A year ago, I wrote an article for my mailing list newsletter about information overload and obsession with metrics. Here’s an edited version, repeated, because I’d like to encourage people to tune out gadgets and information overload, and tune in to their own intuitive sense of what healthy feels like.
As a society, we are overwhelmed, aren’t we, with too much information and misinformation. Chris Kresser writes here about health effects of too much time spent on the Internet (PIU aka “problematic internet usage” now recognized as a legitimate addiction, like alcohol, gambling and drugs). Apart from physical effects, there’s the issue of how we are influenced by the information we have access to – for better or worse.
In the health/nutrition/diet space, we are bamboozled by marketing claims, confused by food packaging and conflicting nutritional information that tries to influence our dietary choices, and easily misled by inanimate numbers that rate and rank our health status, and undermine our own intuitive sense of wellness. Think about the range of gadgets and tools that measure and track health markers, which can be very motivating for change, but can also create unhealthy obsessive behaviour – another addiction!
At the 2016 Digital Health Show in Sydney, I lined up in the queue of people wanting to have their health assessed by a machine called the SiSu health station. Apart from weighing you and measuring blood pressure and pulse rate, this uses bio-impedance to compute numbers that provide a (unreliable) measure of fat %, because it is sensitive to amount of body water i.e. how well hydrated you are: lower levels of hydration overestimates body fat.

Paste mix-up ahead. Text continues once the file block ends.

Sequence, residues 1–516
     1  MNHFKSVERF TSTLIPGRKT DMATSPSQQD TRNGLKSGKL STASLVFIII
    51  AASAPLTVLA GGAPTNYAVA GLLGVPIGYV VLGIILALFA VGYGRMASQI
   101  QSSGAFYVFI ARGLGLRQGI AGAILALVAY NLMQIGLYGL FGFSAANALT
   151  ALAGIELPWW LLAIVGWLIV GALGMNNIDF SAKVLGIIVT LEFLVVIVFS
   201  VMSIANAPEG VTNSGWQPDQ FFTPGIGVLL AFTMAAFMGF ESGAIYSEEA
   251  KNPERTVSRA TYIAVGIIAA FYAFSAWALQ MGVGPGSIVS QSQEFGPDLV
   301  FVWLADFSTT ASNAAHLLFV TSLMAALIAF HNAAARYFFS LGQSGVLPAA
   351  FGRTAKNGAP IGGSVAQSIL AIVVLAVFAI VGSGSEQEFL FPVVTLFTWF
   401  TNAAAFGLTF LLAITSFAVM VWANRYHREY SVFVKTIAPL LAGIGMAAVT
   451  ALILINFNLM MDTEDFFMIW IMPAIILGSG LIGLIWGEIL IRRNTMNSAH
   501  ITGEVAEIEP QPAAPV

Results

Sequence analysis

Yes, I did a little mental fist-pump for a “very good” score that put me in the top 10% of my peer group, but it probably also helped that I’d been drinking water prior to that, and was probably quite well hydrated. I have a bio-impedance scale in my clinic, and which indicates I have more fat every morning than I do in the evenings. With clients who like to have their weight measured, I find this tool more useful for discussing how they can improve their cellular hydration for many health benefits, including improving fat metabolism.
Another body assessment station is the mPort, which is stationed in some Westfield shopping centres. It uses infrared to take thousands of measurements of your unclothed body, and computes body fat/muscle/bone etc. This would be more accurate than bioimpedance - and I did get a lower number for body fat% when I tried out the unit in Hornsby Westfield. There is no heart rate measurement, but your waist/hip ratio and height/waist ratio are used as markers of cardiovascular risk and you get to see a 3D avatar of your body shape. Don’t worry, it’s all very private!
The mPort is free to use, but a small monthly subscription cost ($2.95 per month) is payable to get the more comprehensive results that allow you to track body changes.
Understand however that devices that compute results from algorithms can produce misleading results when they can’t account for confounding factors i.e. variables that influence these measurements. Don’t get obsessed with the metrics! For me, mirror, tape measure and how tight my clothes feel tell me how my body composition is changing and my exercise tolerance tells me about my fitness. I know when I feel well, happy, energetic and productive – and don’t need a machine to tell me. How about you?